Berlin Syndrome

April 21, 2017
AAA Screen Shot 2017-04-21 at 9.31.01 pm

Cate Shortland’s Berlin Syndrome is a movie that vindicates the paranoid wisdom of one’s parents. “Don’t talk to strangers,” they tell us, conjuring up suspicions that the man at the bustop is probably an axe murderer. But if the humble suburbs are crawling with psychos the dangers of a foreign country are almost inconceivable. Better stay home.

For Clare, a naïve Aussie girl from Brisbane with taste for photography, it might have been better to go to Bali rather than Berlin. Nowadays the German capital is the most seductive city in Europe – edgy, relatively inexpensive, and full of energy. It may no longer possess the thrilling, claustrophobic atmosphere of the Cold War, but it remains a romantic place. For any young person with artistic aspirations it’s an obvious destination.

Teresa Palmer plays Clare as a bit of a dope. She sounds as if she’s never been anywhere but Brisbane, and the photos she’s taking of East German-style buildings are hardly more than clichés. She’s almost a type: the young artist filled with creative urges who has never taken the time to learn anything much about her subject.

We meet her as she exits the U-Bahn at Kottbusser Tor, loaded up with a monster backpack. She’s just come from the airport and is wide-eyed with wonder at actually being in Berlin. She makes her way to the nearest youth hostel, where she sits around aimlessly all night with a group of travellers.

The next day Clare savours the seedy ambience of Kreuzberg or Neukölln while clicking her camera at non-descript architecture and fending off messages from her mother. Her grasp of German seems to be limited to “Danke!” and “Tchüss!”, so when a handsome fellow named Andi (Max Riemelt) speaks to her in English she’s happy to tell him all about herself.

They spend the day together, and later that night Clare finds herself thinking obsessively about Andi. She retraces her steps until she tracks him down, sitting in a bookshop poring over the same erotic drawings by Gustav Klimt that she pored over a few days ago. Quelle coincidence!

This time it’s back to Andi’s flat in a desolate part of the city, for a night of passionate love-making. Clare retrieves her gear from the youth hostel and moves in with her new flame, feeling all dreamy and sexually charged. The problem arises the next morning when Andi leaves to go to his job as a high school English teacher, and late-rising Clare finds he’s accidentally locked her in.

It’s only when Andi returns that Clare finds he has no intention of letting her out. His logic is simple: ‘Why would she ever want to leave the apartment now that she’s found him?’

To remove any temptations Andi confiscates Clare’s sim card and other belongings. He’s made the flat into a fortress, with unbreakable glass in the windows and a reinforced metal door. And so begins Clare’s long ordeal as a prisoner, in which she watches Andi grow steadily more weird and potentially violent.

After a failed, painful attempt to escape she realises she has no choice other than to play along with his fantasies. This includes posing in sexy underwear, and being tied to the bed. If she resists he’ll only achieve his goals by force. Andi has his own photographic interests which involve snapping kinky polaroids of Clare to stick in an album.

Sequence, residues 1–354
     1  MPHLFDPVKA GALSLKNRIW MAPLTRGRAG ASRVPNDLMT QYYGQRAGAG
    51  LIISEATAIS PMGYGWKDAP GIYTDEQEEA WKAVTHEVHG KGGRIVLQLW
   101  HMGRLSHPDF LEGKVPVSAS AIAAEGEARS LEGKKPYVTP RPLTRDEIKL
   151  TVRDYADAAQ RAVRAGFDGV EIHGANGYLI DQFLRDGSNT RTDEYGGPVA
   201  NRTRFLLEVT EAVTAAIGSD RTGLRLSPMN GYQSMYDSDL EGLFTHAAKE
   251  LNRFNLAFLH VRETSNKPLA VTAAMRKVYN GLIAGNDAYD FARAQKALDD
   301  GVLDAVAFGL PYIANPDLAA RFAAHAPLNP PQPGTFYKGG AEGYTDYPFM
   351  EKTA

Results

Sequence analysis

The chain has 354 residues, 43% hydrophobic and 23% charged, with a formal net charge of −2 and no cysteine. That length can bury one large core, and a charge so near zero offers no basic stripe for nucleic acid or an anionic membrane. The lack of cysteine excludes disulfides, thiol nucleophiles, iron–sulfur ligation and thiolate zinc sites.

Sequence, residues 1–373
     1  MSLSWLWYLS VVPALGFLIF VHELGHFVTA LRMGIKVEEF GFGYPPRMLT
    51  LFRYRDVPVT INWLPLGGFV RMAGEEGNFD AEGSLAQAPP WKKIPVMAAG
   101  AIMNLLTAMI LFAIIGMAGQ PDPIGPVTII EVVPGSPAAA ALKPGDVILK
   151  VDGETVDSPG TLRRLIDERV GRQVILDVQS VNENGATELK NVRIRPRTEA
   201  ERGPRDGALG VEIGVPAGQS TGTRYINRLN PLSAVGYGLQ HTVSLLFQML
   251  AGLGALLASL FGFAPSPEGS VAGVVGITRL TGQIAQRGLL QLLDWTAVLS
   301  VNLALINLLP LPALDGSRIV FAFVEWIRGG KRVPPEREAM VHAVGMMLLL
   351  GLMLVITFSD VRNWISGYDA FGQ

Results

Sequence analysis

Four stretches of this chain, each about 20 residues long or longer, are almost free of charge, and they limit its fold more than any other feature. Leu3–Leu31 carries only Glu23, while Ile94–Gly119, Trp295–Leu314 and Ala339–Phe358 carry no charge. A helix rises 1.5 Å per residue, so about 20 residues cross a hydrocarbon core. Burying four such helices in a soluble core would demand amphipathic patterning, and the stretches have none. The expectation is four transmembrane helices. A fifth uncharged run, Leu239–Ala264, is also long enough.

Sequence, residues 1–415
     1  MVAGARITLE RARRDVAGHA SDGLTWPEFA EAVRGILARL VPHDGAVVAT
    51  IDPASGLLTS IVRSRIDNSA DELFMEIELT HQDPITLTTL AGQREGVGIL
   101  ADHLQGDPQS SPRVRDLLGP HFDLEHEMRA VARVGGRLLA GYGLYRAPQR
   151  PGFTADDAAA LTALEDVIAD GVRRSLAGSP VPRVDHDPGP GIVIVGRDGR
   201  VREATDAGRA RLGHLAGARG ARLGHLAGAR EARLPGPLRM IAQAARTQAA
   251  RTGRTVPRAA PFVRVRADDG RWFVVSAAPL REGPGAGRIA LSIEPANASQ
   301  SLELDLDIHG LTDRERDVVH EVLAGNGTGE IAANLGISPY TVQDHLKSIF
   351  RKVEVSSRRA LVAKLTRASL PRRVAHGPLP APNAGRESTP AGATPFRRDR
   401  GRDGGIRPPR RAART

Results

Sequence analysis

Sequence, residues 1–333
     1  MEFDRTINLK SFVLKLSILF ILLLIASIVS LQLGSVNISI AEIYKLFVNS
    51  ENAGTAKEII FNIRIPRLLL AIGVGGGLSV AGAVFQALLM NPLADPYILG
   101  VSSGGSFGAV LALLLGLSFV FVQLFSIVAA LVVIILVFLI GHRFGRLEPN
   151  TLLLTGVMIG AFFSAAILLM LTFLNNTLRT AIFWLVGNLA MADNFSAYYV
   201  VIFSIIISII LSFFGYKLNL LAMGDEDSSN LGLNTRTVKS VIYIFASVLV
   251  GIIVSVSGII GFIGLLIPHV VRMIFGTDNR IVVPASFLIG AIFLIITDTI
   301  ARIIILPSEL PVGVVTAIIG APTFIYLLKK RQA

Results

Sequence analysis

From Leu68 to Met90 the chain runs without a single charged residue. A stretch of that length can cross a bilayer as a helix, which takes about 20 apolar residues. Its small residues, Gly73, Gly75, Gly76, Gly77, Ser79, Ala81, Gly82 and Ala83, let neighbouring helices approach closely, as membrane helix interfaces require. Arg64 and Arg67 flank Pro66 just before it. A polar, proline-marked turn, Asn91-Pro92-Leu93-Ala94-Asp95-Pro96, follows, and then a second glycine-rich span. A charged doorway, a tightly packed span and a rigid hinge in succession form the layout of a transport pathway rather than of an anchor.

While this is going on Andi leaves for work every day, interacting with his colleagues and the students. He also visits his old dad (Matthias Habich), a lecturer in German literature, who spent much of his life in the DDR. Gradually we piece together a crude psychological profile of Andi as a man who never forgave his mother for leaving the family, and developed a hatred of women that finds an outlet in his private power games. There’s also a suggestion that a childhood spent in the repressive environment of East Germany has done strange things to his personality.

The “syndrome” of the title refers to the so-called ‘Stockholm Syndrome’, whereby a captive learns to love his or her captor. Having not read Melanie Joosten’s 2011 novel upon which the film is based, I can’t say whether this is true of the original story. In the movie Clare may be smitten with Andi at first but she rapidly ceases to regard him with anything but fear and trepidation.

Shortland moves the story along in a brisk manner but there is a disconnected feeling about the characters. As the latest in a long line of films about kidnapping and captivity – from The Collector (1965) to The Grissom Gang (1971), and most recently, Room (2015) – Berlin Syndrome is far less involving. It never quite captures the asphyxiating terror (and boredom) of being at someone else’s mercy, day and night.

Perhaps the greatest indictment of the narrative is that Andi comes across as a far more interesting character than Clare. The greatest proof of his deranged state of mind is his urge to keep this dull girl under lock and key, when he should have settled for a one-night stand and an empty promise to stay in touch.

Berlin Syndrome
Directed by Cate Shortland
Written by Shaun Grant & Cate Shortland, after a novel by Melanie Joosten
Starring Teresa Palmer, Max Riemelt, Matthias Habich, Emma Bading
Australia, rated MA15+, 116 mins

Published in the Australian Financial Review, Saturday 22nd April, 2017